Jennifer Watt, MD, PhD, on Non-Drug Interventions Effective for Depression Symptom Reduction in Dementia

Non-drug interventions may be more effective than drug interventions for reducing symptoms of depression in people with dementia without a major depressive disorder, according to a study published online in The BMJ.

Ten interventions were found to be more effective in reducing symptoms of depression: animal therapy, cognitive stimulation, exercise, massage and touch therapy, reminiscence therapy, multidisciplinary care, occupational therapy, cognitive stimulation and a cholinesterase inhibitor, exercise combined with social interaction and cognitive stimulation, and psychotherapy combined with reminiscence therapy and environmental modification.

In this video, researcher Jennifer Watt, MD, PhD, from St. Michael’s Hospital, Toronto, Canada, discusses the study methods, practical implications for clinicians, and future directions for research and policy.


Hello, my name is Dr. Jennifer Watt. I'm a geriatrician at St. Michael's Hospital in Toronto, Canada and a scientist at the Li Ka Shing Knowledge Institute.

Q: What led you and your colleagues to look into drug and non-drug therapies in patients with dementia? (00:15)

A: We were interested in studying the effects of drug and non-drug therapies in people with dementia because when I was in medical training, we were always taught that non-drug therapies were preferable, that they should be something we look to first.

However in practice, whenever I finished my medical training, I saw that we were often using medications instead and that there was this general belief among people, including clinicians, that medications worked better.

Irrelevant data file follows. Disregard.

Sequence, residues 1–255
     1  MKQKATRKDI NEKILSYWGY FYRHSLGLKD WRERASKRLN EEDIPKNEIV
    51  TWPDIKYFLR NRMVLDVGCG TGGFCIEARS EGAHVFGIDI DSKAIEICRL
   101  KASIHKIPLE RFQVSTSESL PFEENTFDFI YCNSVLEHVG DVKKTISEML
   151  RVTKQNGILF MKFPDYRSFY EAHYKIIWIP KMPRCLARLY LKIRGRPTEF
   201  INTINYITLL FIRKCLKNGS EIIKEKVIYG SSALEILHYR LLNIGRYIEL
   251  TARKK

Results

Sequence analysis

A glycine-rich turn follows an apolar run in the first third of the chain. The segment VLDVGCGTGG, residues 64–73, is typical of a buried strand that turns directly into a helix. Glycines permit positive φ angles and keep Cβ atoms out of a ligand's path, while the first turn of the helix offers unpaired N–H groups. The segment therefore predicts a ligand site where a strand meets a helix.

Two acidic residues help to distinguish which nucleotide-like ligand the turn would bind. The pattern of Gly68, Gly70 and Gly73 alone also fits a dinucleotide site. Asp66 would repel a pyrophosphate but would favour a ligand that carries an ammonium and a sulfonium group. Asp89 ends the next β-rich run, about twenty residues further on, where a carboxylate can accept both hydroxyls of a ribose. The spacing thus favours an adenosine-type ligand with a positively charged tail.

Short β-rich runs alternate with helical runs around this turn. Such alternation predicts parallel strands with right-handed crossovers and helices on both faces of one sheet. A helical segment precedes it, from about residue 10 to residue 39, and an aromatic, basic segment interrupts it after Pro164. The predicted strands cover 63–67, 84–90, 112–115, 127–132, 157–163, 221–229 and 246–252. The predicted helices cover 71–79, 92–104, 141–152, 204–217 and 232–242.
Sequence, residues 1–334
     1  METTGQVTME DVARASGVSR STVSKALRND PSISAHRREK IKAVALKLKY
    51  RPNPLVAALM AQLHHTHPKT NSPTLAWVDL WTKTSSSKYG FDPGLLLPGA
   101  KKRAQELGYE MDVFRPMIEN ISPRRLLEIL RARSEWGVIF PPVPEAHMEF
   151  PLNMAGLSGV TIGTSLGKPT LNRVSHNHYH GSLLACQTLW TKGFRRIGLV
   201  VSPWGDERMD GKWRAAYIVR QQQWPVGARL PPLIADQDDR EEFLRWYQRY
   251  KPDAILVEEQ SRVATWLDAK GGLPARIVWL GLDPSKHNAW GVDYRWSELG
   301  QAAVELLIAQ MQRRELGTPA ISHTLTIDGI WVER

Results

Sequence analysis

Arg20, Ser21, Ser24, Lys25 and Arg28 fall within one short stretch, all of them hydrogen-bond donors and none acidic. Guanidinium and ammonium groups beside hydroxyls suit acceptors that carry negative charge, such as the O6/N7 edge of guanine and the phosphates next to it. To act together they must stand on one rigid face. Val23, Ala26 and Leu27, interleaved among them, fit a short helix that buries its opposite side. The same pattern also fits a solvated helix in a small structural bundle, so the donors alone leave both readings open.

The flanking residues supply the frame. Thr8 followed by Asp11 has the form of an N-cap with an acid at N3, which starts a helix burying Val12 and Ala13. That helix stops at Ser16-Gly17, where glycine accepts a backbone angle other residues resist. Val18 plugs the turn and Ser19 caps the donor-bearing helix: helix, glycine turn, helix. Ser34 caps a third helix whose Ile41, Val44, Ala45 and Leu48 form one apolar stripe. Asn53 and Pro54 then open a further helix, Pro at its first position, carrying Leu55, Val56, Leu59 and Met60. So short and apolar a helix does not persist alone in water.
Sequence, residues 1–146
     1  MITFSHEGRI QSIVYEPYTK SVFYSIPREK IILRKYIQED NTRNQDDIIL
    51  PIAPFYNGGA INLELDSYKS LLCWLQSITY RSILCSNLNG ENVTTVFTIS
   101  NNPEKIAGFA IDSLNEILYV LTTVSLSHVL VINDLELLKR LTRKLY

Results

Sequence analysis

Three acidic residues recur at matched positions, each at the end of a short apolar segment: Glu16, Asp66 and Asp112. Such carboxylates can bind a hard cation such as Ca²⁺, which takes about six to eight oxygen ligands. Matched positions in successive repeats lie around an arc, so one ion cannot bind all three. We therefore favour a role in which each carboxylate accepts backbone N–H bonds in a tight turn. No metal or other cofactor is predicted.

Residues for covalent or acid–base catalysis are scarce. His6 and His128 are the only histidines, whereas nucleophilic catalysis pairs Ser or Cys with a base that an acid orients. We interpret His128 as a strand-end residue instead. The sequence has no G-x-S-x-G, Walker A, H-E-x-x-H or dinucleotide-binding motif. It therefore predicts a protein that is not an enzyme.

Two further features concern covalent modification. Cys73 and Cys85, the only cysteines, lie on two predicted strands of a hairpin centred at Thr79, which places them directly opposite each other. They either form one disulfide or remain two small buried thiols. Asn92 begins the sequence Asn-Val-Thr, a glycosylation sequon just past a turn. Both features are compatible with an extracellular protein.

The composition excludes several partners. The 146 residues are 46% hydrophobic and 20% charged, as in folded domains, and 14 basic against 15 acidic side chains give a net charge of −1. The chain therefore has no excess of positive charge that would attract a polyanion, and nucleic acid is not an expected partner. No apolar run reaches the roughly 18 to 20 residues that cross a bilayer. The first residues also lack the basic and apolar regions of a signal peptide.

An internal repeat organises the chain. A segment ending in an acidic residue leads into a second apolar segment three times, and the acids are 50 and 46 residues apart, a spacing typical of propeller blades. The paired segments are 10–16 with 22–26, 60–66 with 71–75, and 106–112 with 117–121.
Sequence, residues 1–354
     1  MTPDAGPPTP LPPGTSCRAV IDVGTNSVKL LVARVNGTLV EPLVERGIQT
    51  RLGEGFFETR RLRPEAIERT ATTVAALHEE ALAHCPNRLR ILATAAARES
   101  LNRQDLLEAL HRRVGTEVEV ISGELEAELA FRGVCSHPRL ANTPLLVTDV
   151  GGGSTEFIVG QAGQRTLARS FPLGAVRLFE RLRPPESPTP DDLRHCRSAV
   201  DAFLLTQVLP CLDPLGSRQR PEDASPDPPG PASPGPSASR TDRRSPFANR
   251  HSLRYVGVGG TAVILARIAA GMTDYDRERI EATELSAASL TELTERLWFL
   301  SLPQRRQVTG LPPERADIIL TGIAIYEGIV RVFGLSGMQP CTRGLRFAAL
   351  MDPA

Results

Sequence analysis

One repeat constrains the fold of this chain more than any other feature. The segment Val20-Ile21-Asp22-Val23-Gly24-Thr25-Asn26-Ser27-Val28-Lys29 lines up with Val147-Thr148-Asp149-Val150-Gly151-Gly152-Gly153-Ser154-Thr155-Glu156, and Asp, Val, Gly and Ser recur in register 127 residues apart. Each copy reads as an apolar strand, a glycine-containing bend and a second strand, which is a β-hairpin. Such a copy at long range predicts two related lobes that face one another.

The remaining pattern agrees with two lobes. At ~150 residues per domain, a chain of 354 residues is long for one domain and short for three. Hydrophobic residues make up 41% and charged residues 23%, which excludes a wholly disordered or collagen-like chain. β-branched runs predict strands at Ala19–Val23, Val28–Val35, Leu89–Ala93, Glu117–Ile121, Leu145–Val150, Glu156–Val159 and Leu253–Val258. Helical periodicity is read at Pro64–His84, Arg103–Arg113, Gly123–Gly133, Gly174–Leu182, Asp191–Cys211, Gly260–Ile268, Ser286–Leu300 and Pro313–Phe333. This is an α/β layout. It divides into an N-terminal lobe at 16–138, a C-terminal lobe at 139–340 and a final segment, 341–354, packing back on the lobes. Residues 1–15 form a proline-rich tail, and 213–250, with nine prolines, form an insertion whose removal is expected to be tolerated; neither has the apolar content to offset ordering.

We didn't really know this for sure because studies directly comparing medications to non-medication-based strategies for treating certain neuropsychiatric symptoms in dementia, such as aggression or depression, were very rare.

We undertook this study and other research before this to look at that question and to try and figure out which was better, medications or non-medication-based strategies so that we could properly inform shared decision making with patients, caregivers, and other clinicians.

Q: Please briefly describe the study methods and most significant findings. (1:34)

A: We completed what's called a systematic review and network meta-analysis. For the systematic review portion, we basically combed the entire body of published literature in medicine and related fields to identify all the randomized control trials looking at studies where one or more treatments was compared to one another where the outcome of interest was to treat depressive symptoms in people with dementia.

We then used network meta-analysis, which is an advanced statistical method, to directly and indirectly compare the efficacy of these different treatments. By that, let me give you an example.

Say, in a study, they have compared the effects of music therapy to usual medical care, and in another study, they've compared the effects of an antidepressant to usual medical care, but no study has compared the effects of music therapy to an antidepressant.

Using network meta-analysis, we can infer the relationship between those two treatments to understand which is better, which can help us with decision making for patients.

Q: Were any findings particularly surprising or unexpected? (3:01)